The Gospel at God’s Speed

The Gospel at God’s Speed

Coastal humidity mingling with desert heat blew in through the window of his family’s third-floor apartment as Mostafa* listened to a former Muslim on his laptop screen talk about Christ.

His parents and siblings were away, but the 19-year-old didn’t dare try to turn the laptop volume up when, outside, the noon call to prayer from a mosque loudspeaker drowned out the speaker on his screen. When the call to prayer ended, he heard the man on the Christian website saying Jesus had been with God before the creation of the world and, as the sacrificed Son of God risen from the dead, He had made salvation from sin possible.

Having secretly watched the online evangelist for months in this (undisclosed) city in North Africa, Mostafa no longer thought of him as an infidel. He had to admit the speaker made compelling arguments that Jesus was more than a prophet. And contrary to what he had been told, Christianity did not seem to have originated in the infidel West; in the same Maghreb Arabic that Mostafa spoke, the evangelist showed that word of Christ began and spread in Mediterranean countries and was preserved for centuries in the East before it ever reached the Americas.

Mostafa knew in an instant that from now on he could be estranged from his mother and his entire constellation of relatives and friends.

With the ancient aromas of couscous, cumin and simmering lamb wafting in from the kitchen, in an instant Mostafa knew that from now on he could be estranged from his mother and his entire constellation of relatives and friends; that was his first thought when he admitted to himself that he actually believed Jesus was the Christ. They would shun him – unless he could make them understand who Jesus is.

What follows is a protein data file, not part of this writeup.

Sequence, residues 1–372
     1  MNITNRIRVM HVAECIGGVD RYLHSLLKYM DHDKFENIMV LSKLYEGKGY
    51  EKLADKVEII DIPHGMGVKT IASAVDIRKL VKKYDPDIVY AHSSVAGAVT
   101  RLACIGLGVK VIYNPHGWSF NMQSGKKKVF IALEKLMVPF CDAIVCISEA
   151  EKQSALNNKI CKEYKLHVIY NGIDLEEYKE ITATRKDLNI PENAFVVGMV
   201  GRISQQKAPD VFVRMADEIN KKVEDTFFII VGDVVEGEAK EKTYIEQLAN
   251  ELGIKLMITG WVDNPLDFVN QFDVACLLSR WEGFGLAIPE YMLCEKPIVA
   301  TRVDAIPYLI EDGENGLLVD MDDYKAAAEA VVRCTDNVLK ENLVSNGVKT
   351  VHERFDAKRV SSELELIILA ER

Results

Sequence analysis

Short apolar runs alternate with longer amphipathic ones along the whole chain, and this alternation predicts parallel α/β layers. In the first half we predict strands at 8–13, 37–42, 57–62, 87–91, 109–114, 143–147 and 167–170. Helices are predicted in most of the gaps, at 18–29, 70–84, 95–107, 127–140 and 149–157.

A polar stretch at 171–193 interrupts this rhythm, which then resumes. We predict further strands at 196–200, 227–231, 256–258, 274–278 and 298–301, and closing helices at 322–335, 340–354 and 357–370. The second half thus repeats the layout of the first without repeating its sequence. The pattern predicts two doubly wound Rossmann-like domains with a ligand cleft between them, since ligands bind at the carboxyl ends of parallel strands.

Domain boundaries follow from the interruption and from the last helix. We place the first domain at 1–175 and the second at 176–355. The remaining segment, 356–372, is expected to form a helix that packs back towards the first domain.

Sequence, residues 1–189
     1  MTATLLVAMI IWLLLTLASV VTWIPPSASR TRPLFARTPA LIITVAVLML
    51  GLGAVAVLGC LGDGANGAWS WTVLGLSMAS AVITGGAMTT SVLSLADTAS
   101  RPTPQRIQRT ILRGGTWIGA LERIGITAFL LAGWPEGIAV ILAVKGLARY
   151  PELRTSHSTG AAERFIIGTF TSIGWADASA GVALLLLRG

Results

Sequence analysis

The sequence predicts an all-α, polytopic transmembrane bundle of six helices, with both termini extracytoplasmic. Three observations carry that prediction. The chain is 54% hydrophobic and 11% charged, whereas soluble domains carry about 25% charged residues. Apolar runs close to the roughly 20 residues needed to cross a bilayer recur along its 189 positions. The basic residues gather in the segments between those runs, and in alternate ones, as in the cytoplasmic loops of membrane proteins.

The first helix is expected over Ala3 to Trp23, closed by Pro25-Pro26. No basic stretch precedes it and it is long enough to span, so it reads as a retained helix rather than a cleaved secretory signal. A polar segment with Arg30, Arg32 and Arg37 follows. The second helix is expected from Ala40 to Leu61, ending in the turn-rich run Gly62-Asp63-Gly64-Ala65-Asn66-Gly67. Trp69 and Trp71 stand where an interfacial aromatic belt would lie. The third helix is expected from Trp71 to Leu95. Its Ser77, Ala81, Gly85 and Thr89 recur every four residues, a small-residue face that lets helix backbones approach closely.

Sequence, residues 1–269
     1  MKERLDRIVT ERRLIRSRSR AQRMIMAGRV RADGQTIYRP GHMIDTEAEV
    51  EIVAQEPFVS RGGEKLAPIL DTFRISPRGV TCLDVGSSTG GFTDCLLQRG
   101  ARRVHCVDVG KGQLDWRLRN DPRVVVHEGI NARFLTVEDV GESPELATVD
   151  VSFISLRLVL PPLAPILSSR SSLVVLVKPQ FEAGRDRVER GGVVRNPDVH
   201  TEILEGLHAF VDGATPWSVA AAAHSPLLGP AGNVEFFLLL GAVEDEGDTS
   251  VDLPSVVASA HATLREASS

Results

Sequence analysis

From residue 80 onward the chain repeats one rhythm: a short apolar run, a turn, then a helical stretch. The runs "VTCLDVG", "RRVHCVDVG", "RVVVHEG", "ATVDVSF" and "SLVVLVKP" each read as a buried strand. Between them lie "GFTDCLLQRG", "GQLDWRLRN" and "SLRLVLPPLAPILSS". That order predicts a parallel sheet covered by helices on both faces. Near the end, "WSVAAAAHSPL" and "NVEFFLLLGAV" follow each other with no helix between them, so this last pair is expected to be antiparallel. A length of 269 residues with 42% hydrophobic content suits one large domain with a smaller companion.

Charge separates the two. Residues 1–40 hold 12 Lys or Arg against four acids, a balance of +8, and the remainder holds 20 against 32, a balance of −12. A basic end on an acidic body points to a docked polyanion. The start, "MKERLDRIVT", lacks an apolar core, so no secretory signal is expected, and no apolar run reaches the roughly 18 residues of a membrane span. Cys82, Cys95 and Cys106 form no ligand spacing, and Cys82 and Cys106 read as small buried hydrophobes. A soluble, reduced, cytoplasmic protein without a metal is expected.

He called his best friend and, as the native missionary who runs the Christian broadcast relates it, within weeks he too decided to follow Jesus. Soon they connected with other underground believers.

“Without getting any training about how to share the salvation message with others, he started sharing God’s words with one of his friends, and his friend accepted Jesus as well,” the ministry leader said. “They got baptized on the same day, and they promised each other to bring more people to God’s kingdom.”

Through the webcast, gospel proclamation is growing in the region at unprecedented levels. It got more visits in one month than during all of 2017.

“During these last two months we had a great number of people visiting our website,” the ministry leader said. “All these visitors heard and watched the salvation message, and some of them accepted Jesus as their Savior. We also created a new house church.”

The Good News is advancing online, through traditional media and as it did in the first century – by word-of-mouth – through the efforts of such native missionaries. Please consider a gift today to enable people in great darkness to grasp eternal life in Christ.

*Name changed for security reasons

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